By Ed Hussey
One thing that’s become clear is that the last two years catalyzed mass movements of renters now able to work remotely, out of expensive coastal metro markets – many in search of more space and larger units. Specific markets such as Denver, Atlanta, Charlotte and metros within Texas and Florida were widely reported recipients of these mass population migrations. A recent examination of financials for Freddie Mac multifamily loans, which calculated 3.50% growth in year-over-year NOI nationally, attributed NOI growth rates of 8.45%, 5.90% and 5.73% to the Mountain, South Atlantic and Southeast Central regions respectively due to the pandemic’s migration effects.[i]
However, the movement of renters into different markets is not the only thing causing rental rates to increase. Inflation is driving up operating costs across the board, with rises in everything from gas, labor, building supplies, insurance and utilities all contributing.[ii] Unwavering demand for rentals plays a key role as well, with problematic dynamics in the for-sale housing marketplace pushing many would-be buyers back into the rental sector. In addition to expensive home prices, recent interest rate rises instated by the Federal Reserve have also priced many who were home shopping just a couple months ago, out of home ownership.
Recently, some developers with on-the-board new construction projects, as well as owners of current apartment communities undergoing maintenance and renovations, have noted that building materials may be one cost starting to level off, allowing more projects to come in on budget. However, it could also be that they’ve gotten better at planning for higher priced materials. And, because the multifamily sector remains so hot, it’s easier today to ask your lender or equity provider for additional funds to cover material costs, because obtaining both higher rental rates and low occupancy is a given for the foreseeable future.
It’s true that most apartment rents are increasing. Prices on the other hand appear to be softening. The rising interest rate environment has caused cap rates, in turn, to increase. Some buyers in the process of transactions have been forced to renegotiate with sellers as they can no longer, due to higher interest rates, get the same financing. Buyers today simply can’t pay as much as they could just a couple months ago. Luckily financing is still available, in general. While some of the more aggressive lenders have slowed or stalled their lending activity because of the volatility in the market, the more conservative lenders remain in the game, better able to hedge risks. The agencies – including FHA, Fannie Mae, and Freddie Mac – are prime examples.
The agencies also happen to be some of the industry’s larger proponents of ESG, a movement which continues to grow in momentum the U.S. A recent study of ESG found that, of the three ESG categories, sustainability is the primary focus today for investors. Additionally, the study found that LEED-certified multifamily assets were shown to garner 3.1% higher rents and pointed out that GSEs (like Fannie Mae and Freddie Mac) have established significant incentive programs for apartment assets that satisfy green building certifications and efficiency metrics. Incentives include lower interest rates and additional loan proceeds.[iii]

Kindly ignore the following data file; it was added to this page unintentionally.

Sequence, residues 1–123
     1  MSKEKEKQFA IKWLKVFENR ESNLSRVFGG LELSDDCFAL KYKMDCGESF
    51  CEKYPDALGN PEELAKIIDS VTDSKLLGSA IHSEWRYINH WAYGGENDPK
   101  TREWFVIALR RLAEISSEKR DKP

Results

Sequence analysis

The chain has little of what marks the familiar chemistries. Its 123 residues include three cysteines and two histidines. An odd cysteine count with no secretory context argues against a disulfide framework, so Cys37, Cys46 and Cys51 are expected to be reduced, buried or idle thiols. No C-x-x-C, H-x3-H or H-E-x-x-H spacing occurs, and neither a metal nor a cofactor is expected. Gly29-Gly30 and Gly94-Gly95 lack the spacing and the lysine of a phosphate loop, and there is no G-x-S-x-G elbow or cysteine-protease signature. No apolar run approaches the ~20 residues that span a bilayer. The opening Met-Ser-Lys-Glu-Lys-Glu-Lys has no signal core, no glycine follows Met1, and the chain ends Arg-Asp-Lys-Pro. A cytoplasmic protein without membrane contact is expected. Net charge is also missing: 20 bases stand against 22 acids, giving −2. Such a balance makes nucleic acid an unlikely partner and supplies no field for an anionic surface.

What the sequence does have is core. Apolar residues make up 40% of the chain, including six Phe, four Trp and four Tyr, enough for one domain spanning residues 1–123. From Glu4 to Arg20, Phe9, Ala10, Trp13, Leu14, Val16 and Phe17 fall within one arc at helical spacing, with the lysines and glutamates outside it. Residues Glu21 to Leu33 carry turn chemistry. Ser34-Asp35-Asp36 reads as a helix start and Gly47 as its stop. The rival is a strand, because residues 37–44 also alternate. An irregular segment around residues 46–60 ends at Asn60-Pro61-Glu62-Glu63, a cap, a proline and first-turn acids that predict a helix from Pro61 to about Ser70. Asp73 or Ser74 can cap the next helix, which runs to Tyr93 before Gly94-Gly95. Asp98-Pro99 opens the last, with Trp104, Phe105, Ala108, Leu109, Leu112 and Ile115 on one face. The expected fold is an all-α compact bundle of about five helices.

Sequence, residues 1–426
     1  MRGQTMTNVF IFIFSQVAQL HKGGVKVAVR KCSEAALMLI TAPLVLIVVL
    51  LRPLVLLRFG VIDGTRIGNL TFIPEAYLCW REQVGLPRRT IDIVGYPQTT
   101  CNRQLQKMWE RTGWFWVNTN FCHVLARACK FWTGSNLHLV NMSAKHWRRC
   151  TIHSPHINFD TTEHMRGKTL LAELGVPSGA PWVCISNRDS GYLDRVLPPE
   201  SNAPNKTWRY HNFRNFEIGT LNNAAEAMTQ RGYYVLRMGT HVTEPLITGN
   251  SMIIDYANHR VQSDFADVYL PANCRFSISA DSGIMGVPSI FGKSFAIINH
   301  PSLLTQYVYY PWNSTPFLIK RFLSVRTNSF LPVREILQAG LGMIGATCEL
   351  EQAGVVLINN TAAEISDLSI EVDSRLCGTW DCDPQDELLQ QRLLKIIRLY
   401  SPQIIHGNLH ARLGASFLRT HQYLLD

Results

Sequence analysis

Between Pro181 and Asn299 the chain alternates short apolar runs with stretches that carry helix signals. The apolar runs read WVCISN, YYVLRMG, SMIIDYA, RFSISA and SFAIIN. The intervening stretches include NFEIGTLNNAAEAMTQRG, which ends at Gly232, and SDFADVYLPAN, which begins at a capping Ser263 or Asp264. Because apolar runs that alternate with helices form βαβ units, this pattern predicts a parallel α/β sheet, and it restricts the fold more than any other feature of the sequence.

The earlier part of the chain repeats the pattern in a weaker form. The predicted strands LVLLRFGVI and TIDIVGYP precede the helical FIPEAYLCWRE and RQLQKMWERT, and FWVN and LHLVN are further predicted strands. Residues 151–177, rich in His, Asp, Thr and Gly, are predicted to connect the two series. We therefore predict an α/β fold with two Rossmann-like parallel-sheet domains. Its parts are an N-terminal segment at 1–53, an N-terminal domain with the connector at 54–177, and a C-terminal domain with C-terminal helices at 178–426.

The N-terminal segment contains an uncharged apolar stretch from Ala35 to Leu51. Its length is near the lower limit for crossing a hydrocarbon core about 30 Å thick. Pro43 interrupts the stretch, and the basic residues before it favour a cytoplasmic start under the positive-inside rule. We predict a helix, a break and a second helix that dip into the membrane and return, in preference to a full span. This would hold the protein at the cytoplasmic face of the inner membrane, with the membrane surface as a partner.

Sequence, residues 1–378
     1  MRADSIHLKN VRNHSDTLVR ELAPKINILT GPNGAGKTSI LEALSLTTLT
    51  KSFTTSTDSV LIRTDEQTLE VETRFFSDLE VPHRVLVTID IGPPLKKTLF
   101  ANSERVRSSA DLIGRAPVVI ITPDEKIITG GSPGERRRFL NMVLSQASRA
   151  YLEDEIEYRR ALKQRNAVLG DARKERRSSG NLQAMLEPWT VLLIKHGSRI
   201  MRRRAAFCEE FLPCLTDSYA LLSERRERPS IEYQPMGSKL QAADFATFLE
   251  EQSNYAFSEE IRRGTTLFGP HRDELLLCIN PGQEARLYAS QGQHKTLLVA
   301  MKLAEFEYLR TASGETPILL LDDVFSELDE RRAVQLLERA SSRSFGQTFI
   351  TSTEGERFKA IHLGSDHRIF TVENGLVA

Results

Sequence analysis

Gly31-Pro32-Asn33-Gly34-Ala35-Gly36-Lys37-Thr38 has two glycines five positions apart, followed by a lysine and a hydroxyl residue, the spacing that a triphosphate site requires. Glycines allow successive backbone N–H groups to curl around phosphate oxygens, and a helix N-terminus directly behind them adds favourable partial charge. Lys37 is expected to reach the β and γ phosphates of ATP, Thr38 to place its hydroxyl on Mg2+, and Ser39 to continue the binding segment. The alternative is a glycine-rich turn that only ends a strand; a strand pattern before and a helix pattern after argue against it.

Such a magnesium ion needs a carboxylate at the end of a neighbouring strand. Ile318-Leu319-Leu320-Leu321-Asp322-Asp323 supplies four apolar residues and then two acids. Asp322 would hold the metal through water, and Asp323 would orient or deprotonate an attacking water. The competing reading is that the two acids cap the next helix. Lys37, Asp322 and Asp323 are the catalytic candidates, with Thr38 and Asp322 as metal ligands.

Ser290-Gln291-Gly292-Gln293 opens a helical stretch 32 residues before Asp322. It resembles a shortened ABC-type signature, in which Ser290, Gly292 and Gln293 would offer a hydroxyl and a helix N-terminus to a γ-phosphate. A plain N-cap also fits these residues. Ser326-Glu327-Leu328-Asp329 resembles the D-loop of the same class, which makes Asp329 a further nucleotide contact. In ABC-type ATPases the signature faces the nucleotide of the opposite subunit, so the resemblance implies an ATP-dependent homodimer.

Both the Fannie Mae and Freddie Mac sustainable finance incentive programs target multifamily owners who facilitate property enhancements that improve efficiency in both the energy and water saving categories. For owners whose properties also qualify as affordable, the incentives and rates provided are even greater. The bottom line is that sustainability and the overall interest in ESG will continue to grow in the apartments sector because tenants want to reduce their Earth impacts and are willing to pay more to live in efficient communities. Additionally, investors are looking to increase allocations in ESG investments, including real estate.
Finally, with asset repositioning being one of the best ways to increase apartment community yields today, the owners that incorporate energy and water efficiency enhancements into their repositioning plans will not only be able to increase their rents, but many will also be able to access a lower financing rate, in another boon to their ROI.
About the Author
Ed Hussey is Head of Conventional Agency Lending for Sabal Capital Partners, LLC, a wholly-owned subsidiary of Regions Bank, overseeing production across the nationwide lender’s Freddie Mac and Fannie Mae loan programs. Visit www.Sabal.com.
[i] Trepp, Multifamily Net Operating Income Growth Across the Country: Trepp’s Round-up Part Two, June 15, 2022, https://www.trepp.com/trepptalk/multifamily-net-operating-income-growth-trepps-final-round-up-part-two
[ii] Multifamily Executive, Multifamily Industry Navigates Rising Costs, July 5, 2022, https://www.multifamilyexecutive.com/business-finance/business-trends/multifamily-industry-navigates-rising-costs_o
[iii] Cushman & Wakefield, Green is Good: The Impact of Sustainability on Real Estate Investment (Part Three: Multifamily Performance), https://www.cushmanwakefield.com/en/united-states/insights/green-is-good-series